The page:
Carpal Tunnel Syndrome: Myths, Facts, Diagnosis and Treatment

Introduction: Carpal Tunnel Syndrome is the most common nerve compression resulting in significant pain, suffering, time off from work, and ultimately surgery. It is caused by pressure on the median nerve in the wrist’s Carpal Tunnel. At YK Orthopaedics, Ankle arthroscopy ranks among one of the procedures available for patients. The Carpal Tunnel is the narrow passageway surrounded by bones and ligaments on the palm side of the hand. When the median nerve is compressed, symptoms can include numbness, tingling, and weakness in the thumb and fingers. But let’s study some myths about diagnosing Carpal Tunnel Syndrome and getting the proper treatment. 

ACL and knee replacement: procedure at YK Orthopaedic.

  • Myth #1: Keyboards are the most significant cause of Carpal Tunnel

It is crucial to understand that the definition of Carpal Tunnel Syndrome is that it comes from any repeated moment. But this does not necessarily mean typing on a keyboard or playing the piano is more likely to give you these symptoms. Riding a bike, driving a car, playing sports, and writing notes all involve repeated hand motions, which could ultimately lead to Carpal Tunnel.

  • Myth#2: Carpal Tunnel Damage lasts forever. 

This is 1 of the biggest myths around the subject. The Carpal Tunnel injury doesn’t have to last a lifetime. If the symptoms of Carpal Tunnel get noticed early enough, starting an assertive treatment plan can keep the body from getting damaged permanently. On the other hand, the more extended Carpal Tunnel injury continues to grow undetected, the more difficult it becomes to treat. It is untreated Carpal Tunnel syndrome, which can eventually lead to long-term pain and stiffness in the hands.YK Orthopaedic actively seeks to ensure patients are able to access the best Orthopaedic solutions, including Robotic hip replacement.

  • Myth#3: Carpal Tunnel only affects the hands

Even though the hand is the part of the body most affected by Carpal Tunnel, it doesn’t mean it is the only part. Symptoms of Carpal Tunnel can exist anywhere from the neck to the shoulder to the arms to the tips of the fingers. Although it usually results in pain in the hands and wrists, it is by no means isolated to that part of the body alone.

  • Myth#4: It only hurts when using your hands

The symptoms of Carpal Tunnel syndrome can happen at any time. Primary Compression on the Carpal Tunnel nerve can result in a lot of pain, which is just as likely to occur while using your hands in the middle of the night. Cadaver ACL replacement is among the various treatments at YK Orthopaedic.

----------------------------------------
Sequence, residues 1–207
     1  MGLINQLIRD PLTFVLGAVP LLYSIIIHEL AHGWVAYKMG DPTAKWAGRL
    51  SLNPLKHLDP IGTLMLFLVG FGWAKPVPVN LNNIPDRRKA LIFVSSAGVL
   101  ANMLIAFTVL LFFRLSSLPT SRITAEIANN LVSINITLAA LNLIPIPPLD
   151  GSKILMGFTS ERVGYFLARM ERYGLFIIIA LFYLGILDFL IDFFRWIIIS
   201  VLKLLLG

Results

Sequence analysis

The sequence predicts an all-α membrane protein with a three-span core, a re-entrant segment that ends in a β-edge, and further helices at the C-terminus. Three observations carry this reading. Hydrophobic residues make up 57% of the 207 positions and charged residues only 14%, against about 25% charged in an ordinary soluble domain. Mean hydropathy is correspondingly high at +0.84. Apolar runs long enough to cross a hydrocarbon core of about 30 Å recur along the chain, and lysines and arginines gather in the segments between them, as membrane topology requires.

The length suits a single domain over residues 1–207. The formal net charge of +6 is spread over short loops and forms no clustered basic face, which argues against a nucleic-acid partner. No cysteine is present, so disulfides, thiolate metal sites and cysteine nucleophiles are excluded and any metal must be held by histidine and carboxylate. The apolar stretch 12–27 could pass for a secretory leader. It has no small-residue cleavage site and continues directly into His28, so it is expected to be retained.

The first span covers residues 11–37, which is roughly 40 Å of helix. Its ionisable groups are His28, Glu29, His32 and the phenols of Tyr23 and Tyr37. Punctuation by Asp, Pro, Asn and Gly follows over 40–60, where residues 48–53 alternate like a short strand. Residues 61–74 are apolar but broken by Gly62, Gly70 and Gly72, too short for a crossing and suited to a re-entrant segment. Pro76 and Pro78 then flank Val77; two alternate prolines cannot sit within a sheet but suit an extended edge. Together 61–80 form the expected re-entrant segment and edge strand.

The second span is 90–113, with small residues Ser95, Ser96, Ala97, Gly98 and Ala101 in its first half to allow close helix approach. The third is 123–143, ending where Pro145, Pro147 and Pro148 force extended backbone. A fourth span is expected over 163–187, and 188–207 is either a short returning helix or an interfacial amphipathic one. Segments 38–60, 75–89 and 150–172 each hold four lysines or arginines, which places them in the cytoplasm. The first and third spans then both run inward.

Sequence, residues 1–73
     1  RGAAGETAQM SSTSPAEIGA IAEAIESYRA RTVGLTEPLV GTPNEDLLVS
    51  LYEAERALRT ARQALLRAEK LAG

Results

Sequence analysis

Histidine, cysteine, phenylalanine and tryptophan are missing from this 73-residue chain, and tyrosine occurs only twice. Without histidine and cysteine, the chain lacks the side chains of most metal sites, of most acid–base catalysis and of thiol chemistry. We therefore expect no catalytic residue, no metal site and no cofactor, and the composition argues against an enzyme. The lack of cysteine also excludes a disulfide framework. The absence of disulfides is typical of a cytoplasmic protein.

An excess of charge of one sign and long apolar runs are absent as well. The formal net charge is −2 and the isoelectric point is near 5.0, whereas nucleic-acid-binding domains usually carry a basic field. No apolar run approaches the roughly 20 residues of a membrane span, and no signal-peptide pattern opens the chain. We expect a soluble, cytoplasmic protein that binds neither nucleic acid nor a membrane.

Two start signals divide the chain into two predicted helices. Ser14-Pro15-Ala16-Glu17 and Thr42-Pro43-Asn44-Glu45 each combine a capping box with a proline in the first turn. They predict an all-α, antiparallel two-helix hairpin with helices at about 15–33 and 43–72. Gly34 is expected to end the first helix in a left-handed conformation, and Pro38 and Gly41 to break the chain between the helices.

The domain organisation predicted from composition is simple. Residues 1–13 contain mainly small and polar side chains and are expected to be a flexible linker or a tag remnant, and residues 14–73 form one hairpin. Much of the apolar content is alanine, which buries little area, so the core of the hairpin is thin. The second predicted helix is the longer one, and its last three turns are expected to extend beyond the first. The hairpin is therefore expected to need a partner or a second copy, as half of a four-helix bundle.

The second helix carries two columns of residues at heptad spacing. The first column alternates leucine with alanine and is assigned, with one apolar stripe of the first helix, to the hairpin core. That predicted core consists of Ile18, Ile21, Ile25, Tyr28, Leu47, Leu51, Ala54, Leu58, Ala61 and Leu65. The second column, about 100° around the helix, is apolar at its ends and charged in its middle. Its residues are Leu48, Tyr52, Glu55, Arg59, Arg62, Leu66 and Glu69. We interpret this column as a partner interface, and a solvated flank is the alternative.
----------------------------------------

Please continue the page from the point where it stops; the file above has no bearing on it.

• Myth#5: There is no permanent treatment

A lot of folks believe that surgery is the only way to fix Carpal Tunnel Syndrome and that it’s a costly and intensive operation. There are several other treatments that doctors would try with you before recommending surgery as a last resort. Physical therapy and over-the-counter pain medications will work to reduce the pain and increase flexibility over time. 

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Treatment: Once the symptoms start, it’s best to treat Carpal Tunnel syndrome as early as possible. Depending on how early it is diagnosed, two treatment options are available.

Nonsurgical Treatment: If the diagnosis is performed in the early stages, then the surgery can be avoided through some nonsurgical treatments. 

  1. Wrist Splinting: A splint that holds the wrist still while you sleep can help relieve nighttime symptoms of tingling and numbness. Even if you only wear the splint at night, it can help prevent daytime symptoms. 
  2. Nonsteroidal Anti-Inflammatory Drugs: NSAIDs such as ibuprofen may help relieve pain from carpal tunnel syndrome in the short term. 
  3. Corticosteroids: Your healthcare professional may inject the carpal tunnel with a corticosteroid medicine, such as cortisone, to relieve pain—total knee replacement after ACL reconstruction.

Surgery: If symptoms get severe and do not respond to other medication or treatment, then surgery can be an appropriate option. 

  1. Endoscopic Surgery: A surgeon uses a telescope-like device with a tiny camera to see inside the carpal tunnel. The surgeon cuts the ligament through one or two small incisions in the hands or wrist. 
  2. Open Surgery: A surgeon makes a cut, also called an incision, in the palm over the Carpal Tunnel and cuts through the ligament to free the tunnel.

Conclusion: It’s easy to find many myths surrounding a tear like Carpal Tunnel. But it’s crucial to analyze and diagnose it in time for preventive measures and to avoid any prolonged injury. At ORTHOPAEDICS, Dr Yugal Kakhur, along with his team of experts, works around the clock to ensure that patients get the best treatment, including rotator cuff surgery.